Tocagen plummets on phase 3 data for glioma therapy

Closeup of X-ray photography of human brain

A phase 3 trial of Tocagen’s therapy for high-grade glioma (HGG) – a form of brain cancer – failed to show an improvement in overall survival, sending the biotech’s shares into freefall.

The Toca 5 study of Toca 511 and Toca FC showed that patients receiving the therapy didn’t live as long on average as the control arm who received standard treatment for HGG, the most common and aggressive type of brain cancer.

Tocagen’s shares plunged almost 80% into penny-share territory after the news emerged, and the company said it would launch an “operational review” to establish its future options in light of the failure of its lead drug candidate.

The two-part therapy consists of a retroviral therapy to deliver the enzyme cysteine deaminase to cancer cells (Toca 511), and a small-molecule drug (Toca FC) that is activated by that enzyme.

The latter is a prodrug of the well-known cancer drug 5-fluorouracil or 5-FU, and the rationale for the therapy is that only cells infected with the virus and expressing the enzyme would convert it to the active agent, focusing its cell-killing effects on the cancer and sparing other tissues from toxicity.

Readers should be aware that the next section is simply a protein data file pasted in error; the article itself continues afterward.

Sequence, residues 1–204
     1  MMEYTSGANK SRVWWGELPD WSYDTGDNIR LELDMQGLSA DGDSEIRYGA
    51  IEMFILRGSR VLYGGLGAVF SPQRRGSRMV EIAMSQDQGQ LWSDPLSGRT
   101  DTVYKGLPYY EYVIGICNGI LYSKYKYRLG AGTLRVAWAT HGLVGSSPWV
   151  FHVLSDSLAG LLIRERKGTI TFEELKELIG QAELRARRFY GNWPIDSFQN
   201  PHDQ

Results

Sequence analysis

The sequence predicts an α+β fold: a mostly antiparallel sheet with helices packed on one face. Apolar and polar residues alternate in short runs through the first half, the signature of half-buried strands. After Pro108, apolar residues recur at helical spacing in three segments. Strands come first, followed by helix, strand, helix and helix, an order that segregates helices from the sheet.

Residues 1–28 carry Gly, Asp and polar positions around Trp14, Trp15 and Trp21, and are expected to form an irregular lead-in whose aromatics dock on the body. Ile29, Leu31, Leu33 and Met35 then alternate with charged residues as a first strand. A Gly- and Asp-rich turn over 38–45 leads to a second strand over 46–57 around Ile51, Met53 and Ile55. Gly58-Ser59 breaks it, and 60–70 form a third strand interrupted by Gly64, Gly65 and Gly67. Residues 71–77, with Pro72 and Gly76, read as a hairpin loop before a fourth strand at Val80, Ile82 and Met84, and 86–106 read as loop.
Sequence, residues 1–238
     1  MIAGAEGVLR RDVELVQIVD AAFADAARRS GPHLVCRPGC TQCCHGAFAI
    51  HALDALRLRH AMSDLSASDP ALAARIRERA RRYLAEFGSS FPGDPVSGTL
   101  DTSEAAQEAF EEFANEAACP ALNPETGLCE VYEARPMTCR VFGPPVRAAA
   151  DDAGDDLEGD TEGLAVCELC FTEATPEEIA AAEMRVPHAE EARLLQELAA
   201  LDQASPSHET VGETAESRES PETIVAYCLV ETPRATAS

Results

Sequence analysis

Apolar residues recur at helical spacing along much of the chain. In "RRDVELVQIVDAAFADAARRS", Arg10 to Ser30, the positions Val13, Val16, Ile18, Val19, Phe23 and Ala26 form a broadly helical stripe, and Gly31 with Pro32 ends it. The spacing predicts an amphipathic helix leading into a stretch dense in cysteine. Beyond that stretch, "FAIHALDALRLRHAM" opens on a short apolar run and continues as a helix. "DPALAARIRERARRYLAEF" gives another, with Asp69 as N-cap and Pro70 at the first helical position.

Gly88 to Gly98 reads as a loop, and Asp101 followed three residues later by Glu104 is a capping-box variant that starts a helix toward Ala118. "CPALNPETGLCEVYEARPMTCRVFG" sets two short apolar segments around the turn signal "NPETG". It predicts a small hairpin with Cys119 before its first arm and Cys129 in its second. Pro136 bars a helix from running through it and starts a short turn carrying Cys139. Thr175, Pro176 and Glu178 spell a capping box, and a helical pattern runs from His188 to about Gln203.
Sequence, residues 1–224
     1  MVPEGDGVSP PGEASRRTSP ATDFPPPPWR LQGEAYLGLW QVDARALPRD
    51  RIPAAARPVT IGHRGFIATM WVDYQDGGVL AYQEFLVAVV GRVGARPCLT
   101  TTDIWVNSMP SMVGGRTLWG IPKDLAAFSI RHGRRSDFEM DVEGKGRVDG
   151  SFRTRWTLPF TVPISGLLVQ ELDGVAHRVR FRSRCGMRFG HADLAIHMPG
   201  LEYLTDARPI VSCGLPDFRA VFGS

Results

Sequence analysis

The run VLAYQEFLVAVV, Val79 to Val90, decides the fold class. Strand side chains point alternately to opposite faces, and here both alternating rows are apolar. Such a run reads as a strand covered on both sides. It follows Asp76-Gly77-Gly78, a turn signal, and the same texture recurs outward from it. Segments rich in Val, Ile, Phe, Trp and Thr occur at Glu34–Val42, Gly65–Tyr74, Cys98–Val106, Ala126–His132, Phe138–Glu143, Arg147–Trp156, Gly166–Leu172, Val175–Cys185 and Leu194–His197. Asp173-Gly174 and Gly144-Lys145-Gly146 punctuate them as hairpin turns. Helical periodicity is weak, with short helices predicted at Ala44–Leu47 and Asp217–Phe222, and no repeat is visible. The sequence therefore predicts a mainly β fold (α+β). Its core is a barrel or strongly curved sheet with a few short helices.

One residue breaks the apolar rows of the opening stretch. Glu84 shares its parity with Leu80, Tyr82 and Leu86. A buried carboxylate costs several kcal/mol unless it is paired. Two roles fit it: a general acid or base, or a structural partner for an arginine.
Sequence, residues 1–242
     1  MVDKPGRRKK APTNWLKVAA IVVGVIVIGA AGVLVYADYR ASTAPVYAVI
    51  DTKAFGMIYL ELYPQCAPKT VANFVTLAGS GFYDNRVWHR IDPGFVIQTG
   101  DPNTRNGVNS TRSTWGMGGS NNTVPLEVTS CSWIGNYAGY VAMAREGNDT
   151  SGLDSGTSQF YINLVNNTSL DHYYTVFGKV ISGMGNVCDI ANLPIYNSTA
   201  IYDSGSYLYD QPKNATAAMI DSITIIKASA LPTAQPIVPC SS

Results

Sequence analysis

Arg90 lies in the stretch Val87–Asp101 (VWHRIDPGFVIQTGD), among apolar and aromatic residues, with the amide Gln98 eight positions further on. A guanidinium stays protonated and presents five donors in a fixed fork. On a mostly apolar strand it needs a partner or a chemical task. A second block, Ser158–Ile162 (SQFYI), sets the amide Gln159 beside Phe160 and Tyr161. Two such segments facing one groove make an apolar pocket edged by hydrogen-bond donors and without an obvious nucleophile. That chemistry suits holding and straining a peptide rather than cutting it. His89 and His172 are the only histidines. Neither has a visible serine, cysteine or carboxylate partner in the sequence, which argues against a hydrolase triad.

As it turned out, Toca 511/Toca FC therapy didn’t match the efficacy of standard chemotherapy for relapsed HGG however, with the patients on the drug living for a median of 11.1 months, compared to 12.2 months in the control arm.

All of the trial's secondary endpoints also failed to show a meaningful difference between the treatment arms, making it a complete bust.

There had been signs that all was not going well with the study at an interim analysis earlier this year which also sparked a run on Tocagen’s share price, but as often occurs in cancer trials investigators opted to keep it running in the hope that the survival rates would diverge with time.

It’s a massive disappointment for Tocagen as well as glioma patients, who have missed out on the advances in targeted therapy and immuno-oncology that have improved outcomes in other cancers in recent years.

Their treatment still relies on surgery, chemotherapy and radiotherapy, and malignant gliomas – which include diseases like glioblastoma multiforme (GBM) – are usually fatal within two years with treatment and just weeks if untreated.

The therapy’s failure leaves Tocagen with trials of Toca 511/Toca FC in some other tumour types, including GBM, but it has nothing else in the pipeline outside of discovery-stage projects.

It is still sitting on around $68 million in cash, potentially raising the prospect of a merger with another company with a more promising prospect if – as seems increasingly likely – Toca 511/Toca FC is defunct.

Tocagen says it will carry out additional molecular and subgroup analyses to see if it can find any efficacy signal, and decide on the future of the project thereafter.